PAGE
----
//    action and stops event propagation. We replicate that below.
function EventDict() {
  // Save this, so the current redraw is correctly tracked.
  this._ = currentRedraw
}
EventDict.prototype = Object.create(null)
EventDict.prototype.handleEvent = function (ev) {
  var handler = this["on" + ev.type]
  var result
  if (typeof handler === "function") result = handler.call(ev.currentTarget, ev)
  else if (typeof handler.handleEvent === "function") handler.handleEvent(ev)
  if (this._ && ev.redraw !== false) (0, this._)()
  if (result === false) {
    ev.preventDefault()
    ev.stopPropagation()
  }
}

The third point: “The object does not inherit from Object.prototype, to avoid any potential interference with that (e.g. setters).” is what caught my attention. I reached out to Mithril core maintainer Isiah Meadows via the Mithril Gitter chat and his explanation is what we will go into next.

Guarding against rogue third-party code

Imagine that instead of inheriting from null, EventDict's prototype is Object.prototype. A Mithril user then writes the following code or uses a library whch does the following:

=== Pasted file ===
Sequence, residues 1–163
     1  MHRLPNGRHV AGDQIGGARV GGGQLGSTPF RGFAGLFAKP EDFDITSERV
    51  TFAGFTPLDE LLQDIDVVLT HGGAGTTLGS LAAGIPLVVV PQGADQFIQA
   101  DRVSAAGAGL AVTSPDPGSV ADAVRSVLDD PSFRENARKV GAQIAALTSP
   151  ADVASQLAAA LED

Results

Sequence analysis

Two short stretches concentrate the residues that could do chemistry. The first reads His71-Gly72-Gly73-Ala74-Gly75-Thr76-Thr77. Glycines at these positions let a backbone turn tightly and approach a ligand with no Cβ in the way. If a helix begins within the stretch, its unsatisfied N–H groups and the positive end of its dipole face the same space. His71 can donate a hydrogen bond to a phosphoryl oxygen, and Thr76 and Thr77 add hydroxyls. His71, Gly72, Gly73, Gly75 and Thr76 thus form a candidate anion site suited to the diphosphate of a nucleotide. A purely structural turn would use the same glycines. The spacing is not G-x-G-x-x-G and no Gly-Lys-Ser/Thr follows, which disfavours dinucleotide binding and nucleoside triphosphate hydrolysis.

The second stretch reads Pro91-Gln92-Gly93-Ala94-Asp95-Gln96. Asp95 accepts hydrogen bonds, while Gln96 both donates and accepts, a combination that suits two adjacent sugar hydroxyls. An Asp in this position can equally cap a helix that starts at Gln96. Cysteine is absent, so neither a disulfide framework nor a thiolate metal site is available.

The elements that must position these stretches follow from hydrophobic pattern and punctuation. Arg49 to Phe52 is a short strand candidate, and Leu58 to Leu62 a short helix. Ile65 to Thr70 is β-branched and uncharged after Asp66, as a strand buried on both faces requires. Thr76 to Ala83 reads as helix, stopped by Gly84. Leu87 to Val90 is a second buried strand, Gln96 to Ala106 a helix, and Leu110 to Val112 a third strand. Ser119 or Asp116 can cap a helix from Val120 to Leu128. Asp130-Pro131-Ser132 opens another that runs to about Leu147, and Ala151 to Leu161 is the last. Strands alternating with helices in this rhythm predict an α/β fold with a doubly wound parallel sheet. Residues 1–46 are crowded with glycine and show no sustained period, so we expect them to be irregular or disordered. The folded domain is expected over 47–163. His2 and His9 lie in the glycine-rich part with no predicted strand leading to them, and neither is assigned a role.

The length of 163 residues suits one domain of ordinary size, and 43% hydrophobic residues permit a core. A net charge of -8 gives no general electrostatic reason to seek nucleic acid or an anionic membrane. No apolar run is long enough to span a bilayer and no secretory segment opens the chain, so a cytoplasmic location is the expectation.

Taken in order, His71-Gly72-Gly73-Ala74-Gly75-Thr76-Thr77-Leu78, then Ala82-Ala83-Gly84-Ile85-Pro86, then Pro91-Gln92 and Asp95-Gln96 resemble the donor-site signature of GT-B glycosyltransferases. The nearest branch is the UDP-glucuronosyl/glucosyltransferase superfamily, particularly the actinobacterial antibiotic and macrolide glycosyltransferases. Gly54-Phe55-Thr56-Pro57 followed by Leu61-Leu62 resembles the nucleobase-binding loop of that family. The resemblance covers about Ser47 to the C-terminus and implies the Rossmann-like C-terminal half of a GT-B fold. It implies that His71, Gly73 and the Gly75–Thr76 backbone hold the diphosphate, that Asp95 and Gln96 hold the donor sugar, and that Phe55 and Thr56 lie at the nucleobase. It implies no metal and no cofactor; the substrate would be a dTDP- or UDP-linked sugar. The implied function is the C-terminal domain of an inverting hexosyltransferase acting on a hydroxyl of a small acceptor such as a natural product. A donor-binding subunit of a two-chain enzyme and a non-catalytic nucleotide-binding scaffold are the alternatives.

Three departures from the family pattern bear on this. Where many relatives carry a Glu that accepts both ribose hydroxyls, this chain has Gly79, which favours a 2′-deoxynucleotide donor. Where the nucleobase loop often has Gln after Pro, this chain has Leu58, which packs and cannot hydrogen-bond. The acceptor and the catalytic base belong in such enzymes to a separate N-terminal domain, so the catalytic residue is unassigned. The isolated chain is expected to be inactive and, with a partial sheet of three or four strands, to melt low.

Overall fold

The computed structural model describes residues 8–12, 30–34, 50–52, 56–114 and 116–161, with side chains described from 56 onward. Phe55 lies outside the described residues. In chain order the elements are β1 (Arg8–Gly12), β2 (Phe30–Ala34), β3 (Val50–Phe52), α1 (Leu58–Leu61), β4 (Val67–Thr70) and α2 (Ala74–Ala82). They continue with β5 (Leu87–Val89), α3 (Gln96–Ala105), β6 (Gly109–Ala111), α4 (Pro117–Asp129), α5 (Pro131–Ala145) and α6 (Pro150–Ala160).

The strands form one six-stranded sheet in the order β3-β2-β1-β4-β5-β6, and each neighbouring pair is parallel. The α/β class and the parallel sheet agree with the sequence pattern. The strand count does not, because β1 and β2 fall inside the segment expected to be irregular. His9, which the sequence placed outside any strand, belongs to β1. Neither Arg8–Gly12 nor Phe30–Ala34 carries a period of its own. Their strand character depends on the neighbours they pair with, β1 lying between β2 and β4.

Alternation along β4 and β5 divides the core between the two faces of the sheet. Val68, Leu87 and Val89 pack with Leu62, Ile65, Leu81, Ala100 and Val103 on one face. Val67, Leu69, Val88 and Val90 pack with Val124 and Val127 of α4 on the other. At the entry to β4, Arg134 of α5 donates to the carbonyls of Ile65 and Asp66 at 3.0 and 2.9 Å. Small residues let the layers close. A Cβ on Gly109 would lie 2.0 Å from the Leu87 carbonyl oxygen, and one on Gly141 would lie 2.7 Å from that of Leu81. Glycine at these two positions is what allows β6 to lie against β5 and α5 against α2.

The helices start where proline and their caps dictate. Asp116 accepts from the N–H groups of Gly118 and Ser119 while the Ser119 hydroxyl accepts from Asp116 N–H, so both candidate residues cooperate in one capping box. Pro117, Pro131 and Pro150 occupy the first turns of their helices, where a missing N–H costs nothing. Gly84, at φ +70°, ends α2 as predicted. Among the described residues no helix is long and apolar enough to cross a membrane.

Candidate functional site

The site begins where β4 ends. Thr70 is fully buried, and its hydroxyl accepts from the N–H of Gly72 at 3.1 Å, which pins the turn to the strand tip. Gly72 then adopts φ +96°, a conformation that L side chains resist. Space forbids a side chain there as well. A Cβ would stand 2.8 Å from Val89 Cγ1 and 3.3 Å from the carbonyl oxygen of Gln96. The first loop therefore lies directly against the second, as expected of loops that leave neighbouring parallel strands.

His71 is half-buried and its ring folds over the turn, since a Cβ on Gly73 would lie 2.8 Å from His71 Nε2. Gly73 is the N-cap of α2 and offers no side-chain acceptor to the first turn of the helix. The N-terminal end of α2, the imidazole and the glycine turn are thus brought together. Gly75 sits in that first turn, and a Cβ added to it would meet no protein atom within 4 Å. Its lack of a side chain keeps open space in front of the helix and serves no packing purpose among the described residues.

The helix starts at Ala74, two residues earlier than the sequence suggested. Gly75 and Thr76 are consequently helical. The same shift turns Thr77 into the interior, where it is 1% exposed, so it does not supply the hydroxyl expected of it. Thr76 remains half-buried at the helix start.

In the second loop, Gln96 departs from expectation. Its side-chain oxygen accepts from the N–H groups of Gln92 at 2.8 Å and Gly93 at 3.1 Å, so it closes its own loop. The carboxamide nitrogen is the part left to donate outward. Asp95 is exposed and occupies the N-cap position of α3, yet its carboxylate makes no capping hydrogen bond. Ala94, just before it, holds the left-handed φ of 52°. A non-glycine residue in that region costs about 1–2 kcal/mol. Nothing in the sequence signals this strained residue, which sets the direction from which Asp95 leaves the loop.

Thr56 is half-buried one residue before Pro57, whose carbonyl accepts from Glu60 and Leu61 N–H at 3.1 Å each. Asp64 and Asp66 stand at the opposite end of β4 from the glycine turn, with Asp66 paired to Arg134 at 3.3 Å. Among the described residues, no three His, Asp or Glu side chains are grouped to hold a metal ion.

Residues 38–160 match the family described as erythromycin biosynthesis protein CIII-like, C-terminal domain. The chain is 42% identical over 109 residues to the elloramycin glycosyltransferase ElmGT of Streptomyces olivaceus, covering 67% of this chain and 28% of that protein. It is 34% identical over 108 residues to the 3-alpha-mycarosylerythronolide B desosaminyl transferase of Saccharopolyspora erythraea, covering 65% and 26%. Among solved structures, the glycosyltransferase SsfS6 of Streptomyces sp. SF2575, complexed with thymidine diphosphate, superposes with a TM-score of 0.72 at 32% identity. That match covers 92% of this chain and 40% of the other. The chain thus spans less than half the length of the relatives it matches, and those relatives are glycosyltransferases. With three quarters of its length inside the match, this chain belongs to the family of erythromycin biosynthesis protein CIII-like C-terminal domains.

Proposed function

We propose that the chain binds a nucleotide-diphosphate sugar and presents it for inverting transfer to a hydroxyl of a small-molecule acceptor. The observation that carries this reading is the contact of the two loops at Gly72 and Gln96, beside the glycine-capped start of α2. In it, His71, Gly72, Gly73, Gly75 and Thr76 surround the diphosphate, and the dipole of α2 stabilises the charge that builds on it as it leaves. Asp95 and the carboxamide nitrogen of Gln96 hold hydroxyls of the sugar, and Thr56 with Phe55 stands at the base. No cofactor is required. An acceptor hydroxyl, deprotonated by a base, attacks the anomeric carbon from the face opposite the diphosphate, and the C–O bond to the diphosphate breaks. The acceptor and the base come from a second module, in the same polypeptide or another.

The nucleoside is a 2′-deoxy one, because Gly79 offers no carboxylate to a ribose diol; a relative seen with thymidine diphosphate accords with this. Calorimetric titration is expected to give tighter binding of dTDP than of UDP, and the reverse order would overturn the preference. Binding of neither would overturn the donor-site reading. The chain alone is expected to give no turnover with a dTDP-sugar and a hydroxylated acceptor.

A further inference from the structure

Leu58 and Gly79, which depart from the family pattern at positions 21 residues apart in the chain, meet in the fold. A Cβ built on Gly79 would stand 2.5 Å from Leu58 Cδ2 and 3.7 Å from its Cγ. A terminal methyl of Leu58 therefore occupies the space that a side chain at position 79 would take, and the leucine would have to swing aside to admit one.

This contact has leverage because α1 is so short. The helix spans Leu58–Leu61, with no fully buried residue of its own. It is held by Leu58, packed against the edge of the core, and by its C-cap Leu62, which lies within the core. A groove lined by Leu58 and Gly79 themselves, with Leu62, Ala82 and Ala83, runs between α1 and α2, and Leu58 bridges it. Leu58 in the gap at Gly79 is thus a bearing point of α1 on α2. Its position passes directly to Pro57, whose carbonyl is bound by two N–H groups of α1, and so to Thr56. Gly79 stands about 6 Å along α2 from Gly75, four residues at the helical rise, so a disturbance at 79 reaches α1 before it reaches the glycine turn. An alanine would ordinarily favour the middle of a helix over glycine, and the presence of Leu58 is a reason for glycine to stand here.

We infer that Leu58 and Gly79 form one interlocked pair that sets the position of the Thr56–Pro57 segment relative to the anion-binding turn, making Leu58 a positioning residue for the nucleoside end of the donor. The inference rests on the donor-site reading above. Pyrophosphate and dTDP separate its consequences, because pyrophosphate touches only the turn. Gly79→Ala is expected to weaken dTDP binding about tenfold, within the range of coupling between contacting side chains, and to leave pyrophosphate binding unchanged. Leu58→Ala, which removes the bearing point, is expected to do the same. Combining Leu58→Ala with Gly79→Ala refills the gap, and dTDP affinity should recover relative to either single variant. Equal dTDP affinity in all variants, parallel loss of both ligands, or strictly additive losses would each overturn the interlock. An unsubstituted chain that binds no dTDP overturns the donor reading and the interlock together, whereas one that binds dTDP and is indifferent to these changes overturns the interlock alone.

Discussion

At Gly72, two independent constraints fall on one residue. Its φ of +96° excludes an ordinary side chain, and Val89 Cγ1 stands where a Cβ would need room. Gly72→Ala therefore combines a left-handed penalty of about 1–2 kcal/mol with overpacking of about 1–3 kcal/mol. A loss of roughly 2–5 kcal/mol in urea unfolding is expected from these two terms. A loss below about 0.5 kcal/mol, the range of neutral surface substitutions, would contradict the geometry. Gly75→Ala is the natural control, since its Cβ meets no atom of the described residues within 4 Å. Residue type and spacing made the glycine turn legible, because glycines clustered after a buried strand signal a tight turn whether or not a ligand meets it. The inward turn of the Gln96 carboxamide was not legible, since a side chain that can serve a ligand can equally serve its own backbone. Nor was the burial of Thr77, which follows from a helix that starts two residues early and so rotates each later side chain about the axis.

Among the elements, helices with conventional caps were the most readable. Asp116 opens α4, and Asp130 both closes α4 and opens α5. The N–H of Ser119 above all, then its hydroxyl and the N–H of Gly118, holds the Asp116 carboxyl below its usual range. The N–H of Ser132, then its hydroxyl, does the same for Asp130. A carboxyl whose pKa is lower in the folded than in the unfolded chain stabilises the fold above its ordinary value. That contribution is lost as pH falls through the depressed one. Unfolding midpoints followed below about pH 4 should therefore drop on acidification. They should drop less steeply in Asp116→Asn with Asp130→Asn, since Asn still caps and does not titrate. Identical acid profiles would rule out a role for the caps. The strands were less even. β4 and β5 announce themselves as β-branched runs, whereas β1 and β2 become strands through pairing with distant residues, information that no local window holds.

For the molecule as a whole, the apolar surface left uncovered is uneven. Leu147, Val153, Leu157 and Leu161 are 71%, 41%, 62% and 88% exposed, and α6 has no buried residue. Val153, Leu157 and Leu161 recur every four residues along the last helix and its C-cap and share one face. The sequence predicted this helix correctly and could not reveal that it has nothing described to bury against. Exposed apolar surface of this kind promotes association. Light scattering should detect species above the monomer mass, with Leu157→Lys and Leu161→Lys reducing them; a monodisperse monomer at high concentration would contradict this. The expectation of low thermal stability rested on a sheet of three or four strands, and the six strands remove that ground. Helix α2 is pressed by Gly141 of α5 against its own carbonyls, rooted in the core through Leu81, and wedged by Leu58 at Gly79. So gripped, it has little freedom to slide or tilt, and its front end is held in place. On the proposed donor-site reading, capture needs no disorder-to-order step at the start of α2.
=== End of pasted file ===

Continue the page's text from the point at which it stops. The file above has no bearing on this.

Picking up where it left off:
Object.defineProperty(Object.prototype, "onsubmit", {
  get() {
    return (e) => { 
      e.preventDefault();
      console.log('I am on the setter');
    }
  },
  set(val) {
    console.log(val);
  }
})

The application is then written as follows:

m.render(document.getElementById('app'), 
  m('form', {
    onsubmit: (e) => { 
      e.preventDefault(); 
      console.log('I am on the form element')
    }
  }, [
    m('button', { type: 'submit'}, 'Submit')
  ])
)

If the form is submitted, I am on the setter will be logged to the console instead of I am on the form. The contents of the getter and setter functions are not important but their existence means the onsubmit event handler is not registered on the form as intended.